It’s often said that marriage is a union of compromise. Giving a little and taking a little is one of the fundamental bases for a happy marriage, and one of the first examples of that is the wedding planning process.
For instance, Kenneth McLaurin didn’t want a ceremony. Having been married before, he preferred a more straightforward nuptials, without too much fuss. On the other hand, his fiancé, Singtrece, had never been married before and was looking for something a little more meaningful. Both of them are natural-born performers, so a compromise followed between a show, which Kenneth wanted, and a ceremony, which Singtrece wanted: the Sheremony.
“I don’t like weddings, and she wanted to have a wedding. I didn’t want to spend any money, and she didn’t want to spend any money,” Kenneth said. “So, we tried to have a wedding that we would want to be at.”
“And also, everybody loves to be entertained,” Singtrece said.
The Sheremony was held at Cinemapolis on Jan. 13, with family and friends invited, as well as the general public, for between $20 per ticket in order to mitigate costs. Kenneth is a comedian while Singtrece is a singer, so they incorporated performances from both of them into the party after the ceremony, collaboratively called Singing Notes and Slinging Jokes, a Wedding Bells version.
“It was intimidating, thinking about planning a wedding,” Kenneth said. “But planning a show is something that we felt comfortable doing, so we approached it from that viewpoint.”
The couple said they did receive some negative feedback from people who were upset about having to pay to come to a wedding, but the McLaurins figured that since they were basically already a family coming together (both Kenneth and Singtrece already have children), the ticket price could simply replace the normally-required wedding gift, and help the couple avoid spending too much money.
“For me, I also wanted to stick it to the wedding-industrial complex,” Kenneth said. “When people were talking about wedding registries, I actually looked at one, and all they had were little crazy stuff that nobody wants or needs. And we’re older, we have our families, and if they had a wedding registry for a cruise or a microphone, something we could really use, then we would do it. But they didn’t.”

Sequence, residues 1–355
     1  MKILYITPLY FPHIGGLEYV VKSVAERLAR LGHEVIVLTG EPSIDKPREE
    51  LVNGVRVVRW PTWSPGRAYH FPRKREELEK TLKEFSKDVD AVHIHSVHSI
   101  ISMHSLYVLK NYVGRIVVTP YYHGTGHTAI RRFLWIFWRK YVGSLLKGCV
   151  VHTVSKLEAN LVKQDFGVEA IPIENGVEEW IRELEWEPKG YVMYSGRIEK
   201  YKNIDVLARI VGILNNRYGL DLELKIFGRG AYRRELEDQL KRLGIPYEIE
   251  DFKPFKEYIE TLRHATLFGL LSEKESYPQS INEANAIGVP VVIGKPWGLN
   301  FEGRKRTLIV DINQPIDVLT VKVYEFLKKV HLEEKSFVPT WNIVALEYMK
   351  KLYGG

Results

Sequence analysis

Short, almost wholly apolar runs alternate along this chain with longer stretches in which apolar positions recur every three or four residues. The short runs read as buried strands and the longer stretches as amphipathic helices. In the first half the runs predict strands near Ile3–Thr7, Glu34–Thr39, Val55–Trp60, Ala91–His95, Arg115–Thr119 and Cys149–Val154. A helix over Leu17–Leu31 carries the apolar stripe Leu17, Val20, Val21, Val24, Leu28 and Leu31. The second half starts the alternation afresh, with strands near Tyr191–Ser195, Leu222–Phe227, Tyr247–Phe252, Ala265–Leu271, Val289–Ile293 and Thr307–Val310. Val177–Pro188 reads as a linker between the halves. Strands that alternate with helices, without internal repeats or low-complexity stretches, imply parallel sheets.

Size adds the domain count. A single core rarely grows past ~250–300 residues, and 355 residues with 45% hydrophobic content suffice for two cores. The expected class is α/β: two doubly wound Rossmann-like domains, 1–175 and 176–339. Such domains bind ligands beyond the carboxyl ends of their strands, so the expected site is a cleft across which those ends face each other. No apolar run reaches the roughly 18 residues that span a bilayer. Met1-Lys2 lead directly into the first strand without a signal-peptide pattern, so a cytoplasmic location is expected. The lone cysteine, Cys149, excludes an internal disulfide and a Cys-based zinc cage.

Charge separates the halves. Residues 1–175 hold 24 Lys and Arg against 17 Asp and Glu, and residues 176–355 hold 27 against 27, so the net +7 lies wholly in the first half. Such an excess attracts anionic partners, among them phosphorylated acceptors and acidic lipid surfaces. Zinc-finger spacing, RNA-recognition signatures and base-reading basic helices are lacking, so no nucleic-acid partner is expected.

The event itself went off without any issues, with the show portion also featuring the couple telling stories of some of the highlights of their relationship along with their performances. And despite some of their relatives warning them against it, both Kenneth and Singtrece’s sets were well-received, with food served afterward.
“My step-dad, when I told him ‘Hey, I’m getting married,’ his first response to me was ‘Boy, don’t do nothing stupid like perform,’” Kenneth said. “And I told him, ‘Don’t worry,’ and left it at that. He thought I meant ‘Don’t worry, I will not,’ but in my head I was like ‘Don’t worry, we certainly are.’”
Even despite that warning, Kenneth said his mom lightly heckled him during his comedy set. Overall, both Kenneth and Singtrece got what they wanted: a wedding that was comfortable for them and the people they invited, free of the frills and formality of a normal wedding. Singtrece said even though it was non-traditional, she “couldn’t have asked for a better wedding.”
“I wanted to experience that,” Singtrece said. “But I also got nervous about the wedding, because I sing for so many weddings. And I just didn’t want that stiffness [where] people are afraid to laugh or clap. So when I get married, I didn’t want it to be like that. People could talk back, they could laugh, they could be comfortable. And that’s exactly what we got.”